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How to Define U.S Alien Tax Status: Resident or Non-resident?

How to Define U.S Alien Tax Status: Resident or Non-resident?
Ines Zemelman, EA
22 December 2020

If you are not a U.S. citizen and not a green card holder, you are considered a non-resident alien for U.S. tax purposes until you either meet a substantial presence test for a calendar year. There’s a 183 days rule that will help you determine your status. 

183 days rule

You might wonder how you should count the number of days you’re present in the United States during the three-year period. To do it correctly and find out if a person passes the substantial presence test, please make sure that this person:

  • Has been physically present 31 days during the current tax year;
  • Has been present at least 183 days during the three-year period. This period includes the current your and the two previous years.

The days of presence should be counted in a special way:

  • Current year: all the days are counted;
  • The first year before the current year: one-third of the days the person was physically present in the US;
  • The second year before the current year: one-sixth of the days the person was physically present in the US.

For example, if you’ve been present in the United States for 180 days in 2018, 2019, and 2020, the days will be counted this way:

  • One-sixth for 2018: 30 days;
  • One-third for 2019: 60 days;
  • All days for 2020: 180 days.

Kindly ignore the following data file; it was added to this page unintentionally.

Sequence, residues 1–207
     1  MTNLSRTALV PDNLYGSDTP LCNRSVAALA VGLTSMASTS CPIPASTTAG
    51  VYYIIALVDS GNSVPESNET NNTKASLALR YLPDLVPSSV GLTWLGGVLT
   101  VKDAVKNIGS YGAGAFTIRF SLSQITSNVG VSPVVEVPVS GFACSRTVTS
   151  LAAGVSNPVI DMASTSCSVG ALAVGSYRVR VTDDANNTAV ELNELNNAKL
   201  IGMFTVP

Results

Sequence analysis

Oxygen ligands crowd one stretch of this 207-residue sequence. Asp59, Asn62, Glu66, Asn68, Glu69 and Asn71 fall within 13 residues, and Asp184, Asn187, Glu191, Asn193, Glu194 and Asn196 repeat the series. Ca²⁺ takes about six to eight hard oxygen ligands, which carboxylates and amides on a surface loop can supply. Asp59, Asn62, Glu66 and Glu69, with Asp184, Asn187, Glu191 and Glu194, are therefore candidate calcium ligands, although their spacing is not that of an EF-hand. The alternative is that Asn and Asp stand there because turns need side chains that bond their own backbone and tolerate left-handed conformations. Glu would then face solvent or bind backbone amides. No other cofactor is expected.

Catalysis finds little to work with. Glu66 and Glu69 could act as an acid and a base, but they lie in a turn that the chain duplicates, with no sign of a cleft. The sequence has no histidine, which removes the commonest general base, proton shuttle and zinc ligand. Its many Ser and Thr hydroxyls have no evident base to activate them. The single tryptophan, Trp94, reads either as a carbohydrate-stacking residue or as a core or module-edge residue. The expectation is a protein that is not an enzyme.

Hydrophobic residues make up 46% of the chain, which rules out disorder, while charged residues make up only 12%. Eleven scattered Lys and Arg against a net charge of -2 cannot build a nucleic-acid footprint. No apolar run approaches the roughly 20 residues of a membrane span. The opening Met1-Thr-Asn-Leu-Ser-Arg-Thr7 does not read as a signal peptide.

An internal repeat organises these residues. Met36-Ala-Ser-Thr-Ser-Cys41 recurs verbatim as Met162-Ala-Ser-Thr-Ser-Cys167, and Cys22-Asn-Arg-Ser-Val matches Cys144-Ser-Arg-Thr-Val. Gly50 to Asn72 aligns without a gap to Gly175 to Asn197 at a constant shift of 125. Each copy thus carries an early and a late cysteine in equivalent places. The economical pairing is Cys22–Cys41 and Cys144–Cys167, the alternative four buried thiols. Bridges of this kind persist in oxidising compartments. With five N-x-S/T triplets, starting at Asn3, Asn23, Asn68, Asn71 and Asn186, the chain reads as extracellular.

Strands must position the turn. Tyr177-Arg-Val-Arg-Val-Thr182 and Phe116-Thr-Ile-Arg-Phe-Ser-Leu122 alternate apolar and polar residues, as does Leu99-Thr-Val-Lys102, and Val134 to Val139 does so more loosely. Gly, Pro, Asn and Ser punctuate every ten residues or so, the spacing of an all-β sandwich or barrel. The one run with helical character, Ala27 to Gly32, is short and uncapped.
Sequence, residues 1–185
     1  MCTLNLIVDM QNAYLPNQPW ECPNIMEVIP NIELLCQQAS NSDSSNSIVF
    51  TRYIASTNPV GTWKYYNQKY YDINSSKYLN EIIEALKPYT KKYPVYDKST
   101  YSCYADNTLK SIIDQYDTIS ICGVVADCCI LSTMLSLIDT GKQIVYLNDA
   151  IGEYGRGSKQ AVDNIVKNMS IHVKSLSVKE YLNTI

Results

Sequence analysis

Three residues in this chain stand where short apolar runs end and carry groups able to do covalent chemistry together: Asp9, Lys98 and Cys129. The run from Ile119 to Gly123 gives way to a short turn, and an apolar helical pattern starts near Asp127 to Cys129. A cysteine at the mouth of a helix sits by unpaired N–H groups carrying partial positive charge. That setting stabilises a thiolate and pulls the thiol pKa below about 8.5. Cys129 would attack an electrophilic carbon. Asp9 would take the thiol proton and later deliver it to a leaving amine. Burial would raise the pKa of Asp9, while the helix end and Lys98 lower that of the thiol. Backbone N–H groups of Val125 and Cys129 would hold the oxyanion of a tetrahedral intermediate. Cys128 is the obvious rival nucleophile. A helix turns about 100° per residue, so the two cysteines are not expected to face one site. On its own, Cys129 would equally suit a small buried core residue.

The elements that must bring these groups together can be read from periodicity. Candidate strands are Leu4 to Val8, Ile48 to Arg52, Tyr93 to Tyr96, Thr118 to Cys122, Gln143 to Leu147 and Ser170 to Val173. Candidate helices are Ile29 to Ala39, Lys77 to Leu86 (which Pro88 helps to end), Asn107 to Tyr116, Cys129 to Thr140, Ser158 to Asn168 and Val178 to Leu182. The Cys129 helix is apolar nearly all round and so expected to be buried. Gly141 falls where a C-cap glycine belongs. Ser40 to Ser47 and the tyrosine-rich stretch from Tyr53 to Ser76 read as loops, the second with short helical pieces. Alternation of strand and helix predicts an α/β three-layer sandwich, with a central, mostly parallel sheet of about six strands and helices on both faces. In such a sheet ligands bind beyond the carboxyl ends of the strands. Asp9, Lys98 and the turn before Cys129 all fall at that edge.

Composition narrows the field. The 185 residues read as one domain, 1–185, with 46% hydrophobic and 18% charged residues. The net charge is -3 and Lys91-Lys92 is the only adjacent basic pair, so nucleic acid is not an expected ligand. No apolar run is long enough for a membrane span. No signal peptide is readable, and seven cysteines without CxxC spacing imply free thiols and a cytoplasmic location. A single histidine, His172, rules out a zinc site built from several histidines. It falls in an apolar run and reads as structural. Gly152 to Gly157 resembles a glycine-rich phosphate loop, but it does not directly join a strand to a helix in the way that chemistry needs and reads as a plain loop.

The total for the three-year period is 270 days, this way a person will pay taxes as a resident alien.

If you’ve been present in the United States for 120 days in 2018, for 150 days in 2019, and for 90 days in 2020, the days will be counted this way:

  • One-sixth for 2018: 20 days;
  • One-third for 2019: 50 days;
  • All days for 2020: 90 days.

The total for the three-year period is 160 days, this way a person will pay taxes as a non-resident alien because the 183-days rule will not apply.

There are days that do not count as days when you’re physically present in the US because of some circumstances:

  • Days a person commutes to work in the US from a residence in Canada or Mexico in case a person commutes on a regular basis;
  • Days a person is in the US for less than 24 hours in order to transit between two places outside the US;
  • Days a person is in the US as a crew member of a foreign vessel;
  • Days a person is unable to leave the US because of a medical condition that develops while you are in the country;
  • Days a person is an exempt individual.

The term "exempt individual" refers to anyone in the following categories:

  • An individual temporarily present in the US as a foreign government-related individual under an “A” or “G” visa, other than individuals holding “A-3” or “G-5” class visas;
  • A teacher or trainee temporarily present in the US under a "J" or "Q" visa, who substantially complies with the requirements of the visa;
  • A student temporarily present in the US under an "F," "J," "M," or "Q" visa, who substantially complies with the requirements of the visa;
  • A professional athlete temporarily in the US to compete in a charitable sports event.

 

Ines Zemelman, EA
Founder of TFX